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Research project: Macmillan Listening Study: Listening to people affected by cancer about cancer research - Dormant - Dormant

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Given the importance of cancer research in the UK , there is a great need to ensure that research that is conducted reflects the needs and experiences of people affected by the disease. Evidence suggests that patients and carers can feel they have little access to information from cancer research and that research often serves the interests of academics rather than users.


Involving patients and carers in prioritising research has been cited as an important factor in restoring the confidence of the public in cancer research. Furthermore, priority setting studies have shown that the priorities of patients differ from professionals.

To date, no published account has been found of patients and carers being involved explicitly in prioritising research questions. Cancer research priority setting exercises have usually involved health professionals, such as oncology nurses, identified through particular institutional settings, such as hospitals or through membership of professional organisations. Priority setting exercises with people affected by cancer (either as patients, family, friends or carers) are more complex as they often come from a variety of backgrounds and have varying experiences. Studies have shown that participatory research techniques are particularly effective in research that seeks to involve patients and carers in innovative ways. Hence adopting a participatory approach to the priority setting exercise will ensure that any research will remain sensitive and appropriate to people affected by cancer. By undertaking the study in this manner, it will be possible to ensure that the views of people affected by cancer are listened to when considering the direction cancer research might take in the future.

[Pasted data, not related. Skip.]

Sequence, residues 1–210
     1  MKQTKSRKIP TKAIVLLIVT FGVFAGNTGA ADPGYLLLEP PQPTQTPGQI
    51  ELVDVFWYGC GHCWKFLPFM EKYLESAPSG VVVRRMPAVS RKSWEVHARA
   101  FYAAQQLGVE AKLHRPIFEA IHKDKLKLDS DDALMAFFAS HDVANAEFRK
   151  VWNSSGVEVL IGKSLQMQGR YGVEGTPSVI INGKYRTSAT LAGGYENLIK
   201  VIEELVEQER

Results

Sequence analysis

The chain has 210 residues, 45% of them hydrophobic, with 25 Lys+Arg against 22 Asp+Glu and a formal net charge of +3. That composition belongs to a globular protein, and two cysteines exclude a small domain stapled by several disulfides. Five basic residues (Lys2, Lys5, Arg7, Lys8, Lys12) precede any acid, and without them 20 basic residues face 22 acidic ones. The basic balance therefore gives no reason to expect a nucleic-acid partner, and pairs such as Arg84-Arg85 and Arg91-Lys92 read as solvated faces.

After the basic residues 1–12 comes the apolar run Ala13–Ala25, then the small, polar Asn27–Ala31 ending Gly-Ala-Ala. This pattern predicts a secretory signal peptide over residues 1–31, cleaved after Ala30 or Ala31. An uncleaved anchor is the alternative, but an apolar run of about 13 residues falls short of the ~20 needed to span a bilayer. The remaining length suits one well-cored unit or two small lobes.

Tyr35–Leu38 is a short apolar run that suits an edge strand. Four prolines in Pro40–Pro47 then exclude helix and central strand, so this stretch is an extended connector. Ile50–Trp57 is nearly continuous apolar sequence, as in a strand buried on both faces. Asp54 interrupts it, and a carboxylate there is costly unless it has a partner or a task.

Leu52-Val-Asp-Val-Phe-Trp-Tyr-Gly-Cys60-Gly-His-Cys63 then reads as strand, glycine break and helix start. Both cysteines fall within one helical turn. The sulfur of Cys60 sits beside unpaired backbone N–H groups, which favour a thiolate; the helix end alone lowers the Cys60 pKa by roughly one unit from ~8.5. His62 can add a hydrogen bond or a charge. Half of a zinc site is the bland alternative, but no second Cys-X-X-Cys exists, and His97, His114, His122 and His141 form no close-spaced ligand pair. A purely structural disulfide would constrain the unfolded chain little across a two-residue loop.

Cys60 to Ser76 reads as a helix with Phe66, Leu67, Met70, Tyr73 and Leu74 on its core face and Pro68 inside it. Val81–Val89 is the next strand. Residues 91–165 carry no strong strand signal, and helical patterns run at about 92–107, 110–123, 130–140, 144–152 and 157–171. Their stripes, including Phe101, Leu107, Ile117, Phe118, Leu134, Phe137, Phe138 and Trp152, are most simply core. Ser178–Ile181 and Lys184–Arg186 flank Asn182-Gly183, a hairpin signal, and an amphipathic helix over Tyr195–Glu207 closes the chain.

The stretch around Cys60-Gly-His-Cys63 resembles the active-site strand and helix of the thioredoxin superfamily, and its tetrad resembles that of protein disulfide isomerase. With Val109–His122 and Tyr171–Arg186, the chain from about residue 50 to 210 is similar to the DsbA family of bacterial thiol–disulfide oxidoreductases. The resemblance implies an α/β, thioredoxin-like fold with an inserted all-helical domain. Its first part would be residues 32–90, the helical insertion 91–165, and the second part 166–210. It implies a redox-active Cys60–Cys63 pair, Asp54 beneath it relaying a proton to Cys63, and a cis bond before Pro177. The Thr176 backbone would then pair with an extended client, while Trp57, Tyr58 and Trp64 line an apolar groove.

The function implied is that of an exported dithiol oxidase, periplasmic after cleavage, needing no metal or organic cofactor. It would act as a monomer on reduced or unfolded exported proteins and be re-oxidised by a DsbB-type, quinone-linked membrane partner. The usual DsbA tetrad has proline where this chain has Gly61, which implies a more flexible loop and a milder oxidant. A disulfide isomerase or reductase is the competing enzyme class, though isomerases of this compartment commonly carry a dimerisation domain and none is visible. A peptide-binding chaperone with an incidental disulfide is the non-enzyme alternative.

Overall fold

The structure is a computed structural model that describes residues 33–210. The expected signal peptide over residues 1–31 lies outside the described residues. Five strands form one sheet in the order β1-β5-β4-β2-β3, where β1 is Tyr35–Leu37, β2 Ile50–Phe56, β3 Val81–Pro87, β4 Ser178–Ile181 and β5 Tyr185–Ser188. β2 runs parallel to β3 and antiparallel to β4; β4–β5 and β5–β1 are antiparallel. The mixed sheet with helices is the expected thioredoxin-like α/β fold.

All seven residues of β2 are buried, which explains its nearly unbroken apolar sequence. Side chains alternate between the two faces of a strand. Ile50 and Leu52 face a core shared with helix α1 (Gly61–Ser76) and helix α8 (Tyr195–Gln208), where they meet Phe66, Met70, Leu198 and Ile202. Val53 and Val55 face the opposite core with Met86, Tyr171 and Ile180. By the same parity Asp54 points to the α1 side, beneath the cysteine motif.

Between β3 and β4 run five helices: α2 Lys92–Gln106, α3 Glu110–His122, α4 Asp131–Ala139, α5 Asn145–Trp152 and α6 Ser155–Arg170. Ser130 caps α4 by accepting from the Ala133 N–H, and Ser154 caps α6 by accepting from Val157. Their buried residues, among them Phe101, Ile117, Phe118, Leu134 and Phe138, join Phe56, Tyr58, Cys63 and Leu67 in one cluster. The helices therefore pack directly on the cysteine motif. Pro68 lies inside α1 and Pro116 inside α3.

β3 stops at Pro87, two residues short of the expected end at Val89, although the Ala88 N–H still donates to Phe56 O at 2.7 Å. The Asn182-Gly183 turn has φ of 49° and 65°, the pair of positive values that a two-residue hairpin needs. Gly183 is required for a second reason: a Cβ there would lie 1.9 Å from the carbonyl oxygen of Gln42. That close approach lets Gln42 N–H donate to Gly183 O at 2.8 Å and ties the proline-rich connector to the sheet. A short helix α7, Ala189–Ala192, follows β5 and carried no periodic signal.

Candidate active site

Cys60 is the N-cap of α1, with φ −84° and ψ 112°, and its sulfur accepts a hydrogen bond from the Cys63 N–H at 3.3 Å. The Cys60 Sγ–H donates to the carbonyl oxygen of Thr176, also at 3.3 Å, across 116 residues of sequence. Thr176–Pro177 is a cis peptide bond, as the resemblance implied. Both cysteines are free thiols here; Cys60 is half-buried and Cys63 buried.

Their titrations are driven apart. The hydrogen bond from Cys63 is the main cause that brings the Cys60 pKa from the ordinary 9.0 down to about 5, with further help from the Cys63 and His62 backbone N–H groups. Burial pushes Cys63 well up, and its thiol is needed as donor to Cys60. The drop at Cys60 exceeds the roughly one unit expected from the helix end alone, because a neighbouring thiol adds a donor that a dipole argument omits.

Main question(s)

  • What are the views people affected by cancer have about cancer research?
  • What are the research priorities of people affected by cancer?


Participatory, exploratory qualitative study.

Main outcomes

Findings from the study will provide valuable insights into how people affected by cancer view research into treatment and care. These findings will be made available to cancer research funding bodies, health policy makers, community organisations and the wider public, and will enable funding bodies to include the views of people affected by cancer when considering the direction cancer research might take in the future.

Project team

Jessica Corner, David Wright 

Project funder

Macmillan Cancer Relief 2005

Related research groups

Complex Healthcare Processes

Key Publications

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